In our new “Data Dive” blog series, we’ll explore our evolving data landscape and what brands, tech vendors, and data providers are doing to address the operational and strategic shifts taking place. This series will cover the demise of third-party cookies, what to expect for the future of addressability, and how brands can activate first-party, deterministic insights to reach consumers across channels. If you want to learn how Fluent can help your brand navigate this new era of online advertising, connect with our team here.
Third-Party Cookies Lose in the Battle to Protect Consumer Privacy
Mounting concerns around consumer privacy are driving an industry-wide push away from the use of third-party cookies. Growing increasingly distrustful of data collection practices, consumers want more transparency and control over which entities can use the information collected during their internet activities. According to the Pew Research Center, 79% of U.S. adults say they are concerned with how companies use their data, while 59% have very little or no understanding of what companies do with their information.
While policy changes like GDPR and CCPA have accelerated efforts to protect consumer privacy, Google’s plan to eliminate third-party cookies by 2022 has officially put the entire ad industry on notice. With essentially all browser traffic soon either disabling or limiting third-party cookies, the industry will need to find a new currency to facilitate targeting, frequency capping, and attribution in our changing digital ecosystem.
First- vs. Third-Party Cookies
While Google is currently planning to phase out the third-party cookie on its browsers, first-party cookies are still safe – though not without their own limitations. At its core, a cookie is a piece of code that is created by a server and saved on a user’s device. Below we explore the differences between first- and third-party cookies, and the challenges associated with each type.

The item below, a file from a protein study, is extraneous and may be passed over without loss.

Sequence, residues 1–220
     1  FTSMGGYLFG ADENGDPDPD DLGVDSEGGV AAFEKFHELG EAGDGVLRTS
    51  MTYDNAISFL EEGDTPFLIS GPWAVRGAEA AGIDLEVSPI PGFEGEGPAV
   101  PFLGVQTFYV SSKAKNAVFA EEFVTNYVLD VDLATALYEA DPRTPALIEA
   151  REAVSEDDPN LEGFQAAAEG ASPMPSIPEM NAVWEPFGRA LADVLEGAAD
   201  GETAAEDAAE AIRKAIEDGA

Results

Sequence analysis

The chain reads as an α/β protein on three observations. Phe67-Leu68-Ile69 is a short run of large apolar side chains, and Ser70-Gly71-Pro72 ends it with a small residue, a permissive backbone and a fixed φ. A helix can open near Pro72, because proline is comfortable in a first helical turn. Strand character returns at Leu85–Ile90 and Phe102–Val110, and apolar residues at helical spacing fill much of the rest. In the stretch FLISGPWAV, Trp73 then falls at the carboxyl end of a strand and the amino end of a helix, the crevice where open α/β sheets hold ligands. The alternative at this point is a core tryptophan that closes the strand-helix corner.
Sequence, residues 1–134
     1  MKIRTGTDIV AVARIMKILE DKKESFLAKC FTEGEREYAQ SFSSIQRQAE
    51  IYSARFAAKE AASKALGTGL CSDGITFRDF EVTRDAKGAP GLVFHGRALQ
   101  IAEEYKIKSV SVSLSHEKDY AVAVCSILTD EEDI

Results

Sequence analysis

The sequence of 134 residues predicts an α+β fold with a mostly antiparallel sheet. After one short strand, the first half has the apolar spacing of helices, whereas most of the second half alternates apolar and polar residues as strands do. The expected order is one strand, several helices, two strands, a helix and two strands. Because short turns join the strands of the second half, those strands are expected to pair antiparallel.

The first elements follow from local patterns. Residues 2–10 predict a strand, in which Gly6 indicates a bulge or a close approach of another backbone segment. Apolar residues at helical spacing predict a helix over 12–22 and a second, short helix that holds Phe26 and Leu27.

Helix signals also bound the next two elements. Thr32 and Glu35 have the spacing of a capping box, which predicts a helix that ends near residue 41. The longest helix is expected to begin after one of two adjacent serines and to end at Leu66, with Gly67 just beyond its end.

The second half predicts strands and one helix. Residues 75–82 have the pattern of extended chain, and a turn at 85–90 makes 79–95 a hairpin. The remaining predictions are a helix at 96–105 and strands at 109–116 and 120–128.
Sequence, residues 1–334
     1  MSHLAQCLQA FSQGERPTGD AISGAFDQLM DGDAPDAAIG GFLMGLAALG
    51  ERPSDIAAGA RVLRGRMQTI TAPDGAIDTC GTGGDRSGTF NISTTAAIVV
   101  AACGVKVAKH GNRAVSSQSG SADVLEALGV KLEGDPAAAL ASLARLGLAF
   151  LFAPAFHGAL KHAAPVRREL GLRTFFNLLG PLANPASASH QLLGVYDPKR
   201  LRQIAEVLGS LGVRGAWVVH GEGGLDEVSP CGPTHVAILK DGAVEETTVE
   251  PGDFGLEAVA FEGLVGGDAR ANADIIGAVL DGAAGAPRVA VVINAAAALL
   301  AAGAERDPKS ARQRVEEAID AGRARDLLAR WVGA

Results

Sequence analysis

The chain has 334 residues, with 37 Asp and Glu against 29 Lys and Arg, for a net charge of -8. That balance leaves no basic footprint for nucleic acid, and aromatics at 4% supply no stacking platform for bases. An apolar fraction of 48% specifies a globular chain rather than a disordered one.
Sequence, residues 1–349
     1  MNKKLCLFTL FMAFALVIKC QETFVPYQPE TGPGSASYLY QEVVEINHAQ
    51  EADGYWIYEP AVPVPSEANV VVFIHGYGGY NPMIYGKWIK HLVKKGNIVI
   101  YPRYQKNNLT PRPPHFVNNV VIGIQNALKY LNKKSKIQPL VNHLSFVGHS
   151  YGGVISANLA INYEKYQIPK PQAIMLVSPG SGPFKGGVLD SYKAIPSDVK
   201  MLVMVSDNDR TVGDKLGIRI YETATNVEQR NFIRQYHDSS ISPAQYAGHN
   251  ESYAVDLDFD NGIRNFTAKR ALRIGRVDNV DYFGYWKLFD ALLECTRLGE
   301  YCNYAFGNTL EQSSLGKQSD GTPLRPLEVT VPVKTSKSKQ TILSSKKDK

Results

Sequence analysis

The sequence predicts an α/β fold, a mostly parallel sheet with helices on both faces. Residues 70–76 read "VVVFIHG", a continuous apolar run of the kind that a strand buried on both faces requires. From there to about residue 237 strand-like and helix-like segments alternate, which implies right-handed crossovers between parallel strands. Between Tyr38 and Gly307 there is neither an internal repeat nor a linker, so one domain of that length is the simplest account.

What Are First-Party Cookies?
First-party cookies are created by the domain the user is visiting and stored on their computer by default. They allow website owners to collect analytics data, remember language settings and passwords, and perform other useful functions that create a positive user experience. For advertisers, first-party cookies are especially useful for tracking what people do on their site — i.e. what pages they visited, how much times they spent – in order to develop effective marketing strategies around their behavior and preferences.
Challenges of First-Party Cookies
While first-party cookies are useful for tracking user behavior across proprietary properties, they do not allow website owners to see data related to their visitor’s behavior on other domains. As a result, advertisers cannot leverage first-party cookies to create omnichannel marketing strategies that span across channels and devices. Cue to the third-party cookie.
What Are Third-Party Cookies?